Elevated levels of TCA were frequently detected in the water table zone, centered around the AGS, Building 96, and Building 208. In the mid-glacial zone, high concentrations of TCA were found on Rowland Street, Weaver Street, and south of Princeton Avenue at monitoring well cluster OSC-MW05. TCA contamination in the deep glacial zone was limited to the area at the South Boundary.
Tritium concentration (greater than 20,000 pCi/l) in groundwater extend from the HFBR to just south of Rowland Street. The downgradient edge of the plume, defined by the 1,000 pCi/l contour extends just past Princeton Avenue. The highest tritium activity detected in this plume is 1,590,000 pCi/l; at the downgradient edge of the plume they range between 1,000 and 5,000 pCi/l. A second area with tritium activities greater than the drinking water standard (20,000 pCi/l) is located immediately north of the HFBR Stack.
There are two strontium-90 plumes on site. The first, located south of the BGRR, is approximately 500 feet wide and 1,000 feet long. The second plume actually is composed of two plumes from different source areas. The northern source area is the WCF (Building 811) and associated tanks and pipelines; the second is the Building 801 Pile Fan Sump. The WCF/Building 801 PFS plume is approximately 500 feet wide and 2,000 feet long, extending in a north-south direction from the WCF to Cornell Avenue.
Isolated areas of gross beta, radium-226, strontium-90 and inorganic contamination also were identified. Elevated concentrations of inorganics, primarily lead, which may warrant further evaluations were detected between the Bubble Chamber and the north end of the LINAC. However, semivolatile organic compounds, pesticides, and PCBs were not identified as a concern in the groundwater in the OU III study area.
Surface Water Contamination.
Three recharge basins were sampled as part of OU III: Recharge Basin HZ in AOC 14, and the two Recharge Basins HN in sub-AOC 24C. Recharge Basin HZ receives runoff from the northern portion of AOC 14 via a ditch. Several polycyclic aromatic hydrocarbons were detected in its surface water, which may be related to local truck/automobile traffic. However, only one polyaromatic hydrocarbon (PAH), benzo(a)pyrene, exceeded screening criteria. Storm water runoff from local roads and parking lots contains oil and grease which may be a source of semivolatile contamination in surface water samples. Recharge Basins HN are located within the Relative Heavy Ion Collider (RHIC) ring and received non-contact cooling water from the AGS. There is no evidence of contamination of the recharge basins from radioactive wastewater discharges; however, iron and copper were at elevated levels. Iron was approximately twice the screening criteria in both basins, and copper concentrations were eight to nine times the screening level in all three surface water samples.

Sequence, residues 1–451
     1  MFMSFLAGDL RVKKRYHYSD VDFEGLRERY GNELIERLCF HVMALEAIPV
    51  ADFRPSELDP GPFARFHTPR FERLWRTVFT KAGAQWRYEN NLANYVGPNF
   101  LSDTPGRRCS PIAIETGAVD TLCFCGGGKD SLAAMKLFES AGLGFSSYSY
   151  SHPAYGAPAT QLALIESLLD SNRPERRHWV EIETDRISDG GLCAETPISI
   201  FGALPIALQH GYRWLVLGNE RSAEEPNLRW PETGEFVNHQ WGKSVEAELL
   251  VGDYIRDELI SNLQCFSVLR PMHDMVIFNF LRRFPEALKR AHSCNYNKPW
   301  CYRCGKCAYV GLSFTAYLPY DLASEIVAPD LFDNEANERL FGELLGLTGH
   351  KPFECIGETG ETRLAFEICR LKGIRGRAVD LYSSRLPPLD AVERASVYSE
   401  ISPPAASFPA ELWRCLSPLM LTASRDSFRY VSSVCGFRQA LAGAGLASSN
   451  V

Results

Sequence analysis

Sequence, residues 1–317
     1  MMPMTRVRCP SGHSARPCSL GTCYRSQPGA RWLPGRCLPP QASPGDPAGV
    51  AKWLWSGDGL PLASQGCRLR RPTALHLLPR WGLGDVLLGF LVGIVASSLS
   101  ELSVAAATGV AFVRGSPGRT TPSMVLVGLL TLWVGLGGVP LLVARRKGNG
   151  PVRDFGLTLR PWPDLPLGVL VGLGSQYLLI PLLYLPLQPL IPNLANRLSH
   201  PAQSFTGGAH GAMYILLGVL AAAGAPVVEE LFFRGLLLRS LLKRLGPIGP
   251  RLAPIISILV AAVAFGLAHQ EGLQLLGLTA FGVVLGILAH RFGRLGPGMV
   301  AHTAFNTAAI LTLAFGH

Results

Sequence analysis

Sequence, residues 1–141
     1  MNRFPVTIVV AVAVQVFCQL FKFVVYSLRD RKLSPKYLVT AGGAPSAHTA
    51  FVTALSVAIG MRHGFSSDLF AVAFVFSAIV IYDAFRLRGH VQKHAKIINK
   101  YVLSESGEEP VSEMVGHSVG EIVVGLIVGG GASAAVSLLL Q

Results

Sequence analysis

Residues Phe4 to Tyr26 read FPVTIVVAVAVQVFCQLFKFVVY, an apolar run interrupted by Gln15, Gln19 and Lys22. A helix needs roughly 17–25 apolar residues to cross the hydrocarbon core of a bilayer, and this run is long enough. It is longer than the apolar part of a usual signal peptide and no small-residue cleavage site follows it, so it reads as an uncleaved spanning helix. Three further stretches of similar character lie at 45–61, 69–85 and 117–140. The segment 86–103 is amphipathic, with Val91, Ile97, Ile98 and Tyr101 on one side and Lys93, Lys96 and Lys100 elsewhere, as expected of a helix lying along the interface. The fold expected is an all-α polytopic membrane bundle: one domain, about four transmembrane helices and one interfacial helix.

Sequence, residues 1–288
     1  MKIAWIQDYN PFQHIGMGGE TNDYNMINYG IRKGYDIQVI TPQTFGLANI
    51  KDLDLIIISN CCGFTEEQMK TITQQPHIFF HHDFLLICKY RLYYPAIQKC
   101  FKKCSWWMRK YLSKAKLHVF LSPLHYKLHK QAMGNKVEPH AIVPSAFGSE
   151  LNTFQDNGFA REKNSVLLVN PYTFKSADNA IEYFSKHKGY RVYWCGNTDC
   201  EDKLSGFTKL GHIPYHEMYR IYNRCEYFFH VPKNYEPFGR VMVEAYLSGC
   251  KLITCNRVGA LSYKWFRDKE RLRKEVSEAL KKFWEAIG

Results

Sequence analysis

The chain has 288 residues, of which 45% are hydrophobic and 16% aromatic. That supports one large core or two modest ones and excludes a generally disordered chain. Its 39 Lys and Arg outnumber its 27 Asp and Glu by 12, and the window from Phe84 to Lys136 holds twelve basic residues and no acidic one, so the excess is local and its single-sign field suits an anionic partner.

Nine sediment samples were collected from one inactive cesspool and seven recharge basins as follows: one sample from Recharge Basin HZ in AOC 14, three samples from Recharge Basin HT in AOC 20, one sample each from the two Recharge Basins HP in sub-AOC 24B, one sample each from the two Recharge Basins HN in sub-AOC 24C, and one sample from an inactive cesspool in AOC 7. Except for samples collected from Recharge Basin HT, all sediment samples contained analytes having concentrations of less than two times the screening level. Mercury concentrations in two samples collected from basins HT were approximately 6 to 10 times the screening concentration of 0.71 mg/kg. In addition, these two samples contained elevated levels of copper, lead, silver, and zinc. These two samples were collected from a location away from the outfall of Recharge Basin HT. Although the sediment sample collected near the outfall of Recharge Basin HT did not contain inorganic contamination, it did have contain elevated levels of PAHs and one pesticide, delta-benzene hexachloride (BHC). Recharge Basin HT receives runoff from the LINAC area that contains contaminated landscaping soils. Storm water runoff from local roads and parking lots contains oil and grease which may be the source of semi-volatile contamination in sediment samples. Contaminants within Recharge Basin HT may be related to these sources.